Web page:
on 27 May 2009
This has to be one of the most interesting, absorbing books I have read in a long time. Bruce Schneier, undoubtedly the world's leading expert on the subject, presents this remarkable collection of essays on computer security. The book divides the collection of essays in 12 chapters on topics ranging from national security policy and privacy to economics and psychology.
It is refreshing to see a commonsense perspective on technological and security matters. Schneier sets the scene right from the start in an introduction to say 'all security involves trade-offs'. The theme, summarising the entire book as it were, cuts across the various domains covered by the essays and in fact presents a very practical guiding principle for security researchers and practitioners.
Chapter 8 on the economics of security is my favourite. It covers an exciting intersection that has emerged between the two disciplines, economics and information security, one which explains why economic motivation is important if security is to improve. Chapter 5 on identity cards and chapter 9 on the psychology of security are other chapters that I enjoyed reading the most.
The author's writing style is captivating. Every essay is succinct, mostly focussing on a problem and bringing out the often subtle issues immediately. The author manages to express complex ideas in simple words and draws clear conclusions at the end of every essay.
For those teaching the subject, this book is full of interesting case studies and discussions to be shared amongst students. I would recommend bringing in such insightful perspectives into the curriculum so the professionals of tomorrow can learn from the mistakes of the past.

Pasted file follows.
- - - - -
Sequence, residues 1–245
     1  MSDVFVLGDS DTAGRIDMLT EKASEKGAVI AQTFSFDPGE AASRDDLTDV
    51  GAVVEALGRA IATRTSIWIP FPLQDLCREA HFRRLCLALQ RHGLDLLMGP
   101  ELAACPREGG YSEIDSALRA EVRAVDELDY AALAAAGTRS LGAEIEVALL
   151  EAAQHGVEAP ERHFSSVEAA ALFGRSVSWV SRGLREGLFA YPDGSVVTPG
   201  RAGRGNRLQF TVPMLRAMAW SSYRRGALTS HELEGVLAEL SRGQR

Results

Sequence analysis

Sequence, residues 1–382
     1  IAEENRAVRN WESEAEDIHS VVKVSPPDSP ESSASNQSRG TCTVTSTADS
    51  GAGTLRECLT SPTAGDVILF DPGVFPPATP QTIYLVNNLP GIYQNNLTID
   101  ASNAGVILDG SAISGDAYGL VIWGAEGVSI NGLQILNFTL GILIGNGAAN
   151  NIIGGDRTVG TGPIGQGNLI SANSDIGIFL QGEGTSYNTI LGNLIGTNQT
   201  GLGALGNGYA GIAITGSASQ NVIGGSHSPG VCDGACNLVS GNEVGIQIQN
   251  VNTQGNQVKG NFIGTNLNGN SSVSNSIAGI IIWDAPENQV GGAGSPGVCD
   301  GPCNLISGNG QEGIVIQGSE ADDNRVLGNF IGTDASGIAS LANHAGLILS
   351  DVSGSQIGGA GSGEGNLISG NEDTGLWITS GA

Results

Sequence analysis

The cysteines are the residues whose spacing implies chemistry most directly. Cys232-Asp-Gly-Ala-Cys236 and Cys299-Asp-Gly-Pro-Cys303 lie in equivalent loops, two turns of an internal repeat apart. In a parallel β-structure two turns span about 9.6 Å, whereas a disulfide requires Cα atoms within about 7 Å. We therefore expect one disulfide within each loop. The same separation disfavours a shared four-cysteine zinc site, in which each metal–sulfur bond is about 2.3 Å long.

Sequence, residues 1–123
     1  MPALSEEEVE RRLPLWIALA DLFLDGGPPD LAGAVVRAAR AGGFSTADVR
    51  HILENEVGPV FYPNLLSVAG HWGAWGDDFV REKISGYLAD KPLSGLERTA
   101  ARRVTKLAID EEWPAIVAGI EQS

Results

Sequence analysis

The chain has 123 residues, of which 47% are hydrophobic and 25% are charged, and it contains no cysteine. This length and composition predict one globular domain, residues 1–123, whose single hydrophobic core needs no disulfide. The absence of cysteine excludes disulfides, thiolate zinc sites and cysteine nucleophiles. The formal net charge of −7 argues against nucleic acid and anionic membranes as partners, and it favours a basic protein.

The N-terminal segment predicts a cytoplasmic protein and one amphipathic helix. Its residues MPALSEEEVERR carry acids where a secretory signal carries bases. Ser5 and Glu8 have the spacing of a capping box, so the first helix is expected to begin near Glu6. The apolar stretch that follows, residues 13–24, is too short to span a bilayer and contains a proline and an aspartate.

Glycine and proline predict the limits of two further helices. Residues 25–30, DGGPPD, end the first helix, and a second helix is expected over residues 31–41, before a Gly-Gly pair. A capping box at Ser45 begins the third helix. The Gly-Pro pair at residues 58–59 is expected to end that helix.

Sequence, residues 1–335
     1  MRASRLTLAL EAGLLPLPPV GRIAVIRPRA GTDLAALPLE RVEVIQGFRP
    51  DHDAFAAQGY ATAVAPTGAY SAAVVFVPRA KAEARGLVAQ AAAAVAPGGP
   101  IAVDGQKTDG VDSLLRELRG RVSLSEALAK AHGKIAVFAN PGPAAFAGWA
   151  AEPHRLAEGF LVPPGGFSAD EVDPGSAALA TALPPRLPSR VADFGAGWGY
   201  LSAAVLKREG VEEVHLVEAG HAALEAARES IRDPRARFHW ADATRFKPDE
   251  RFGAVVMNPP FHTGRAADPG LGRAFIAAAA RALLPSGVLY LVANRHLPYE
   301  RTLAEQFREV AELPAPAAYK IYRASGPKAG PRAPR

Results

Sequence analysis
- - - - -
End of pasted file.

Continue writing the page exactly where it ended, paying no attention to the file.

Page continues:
Think of this book as a form of Schneier's vast experience and intelligence distilled into little chunks of wisdom each conveying the message simply one by one. This is priceless.
on 5 November 2009
If it succeeds in no other way than to make you think, then this book fulfils its task. Given that we live in paranoid times when it comes to security, this book strips away so much of the rubbish that is touted by so-called experts and ill-informed politicians.
The author rants on a bit like an IT version of Michael Moore, but neveretheless makes valid points when examining security in the light of reason and logic. I work in IT and welcome a questioning attitude - this book certainly helps you to question accepted methods of security.
The only minor criticism is that the chronology of the articles reproduced in the book jumps around a bit. However, this is a great volume to dip in and out of and is well worth a read.
on 11 June 2013
Very interesting and thought provoking book... and a good place to start for anyone wanting to be a "security expert". Get the philosophy right BEFORE discussing how to achieve national, physical, personal or cyber security.
Well written and engaging style. Book is essentially drawn from a series of blog posts written by the author over his many years of security (book is organized by topic, rather than date written).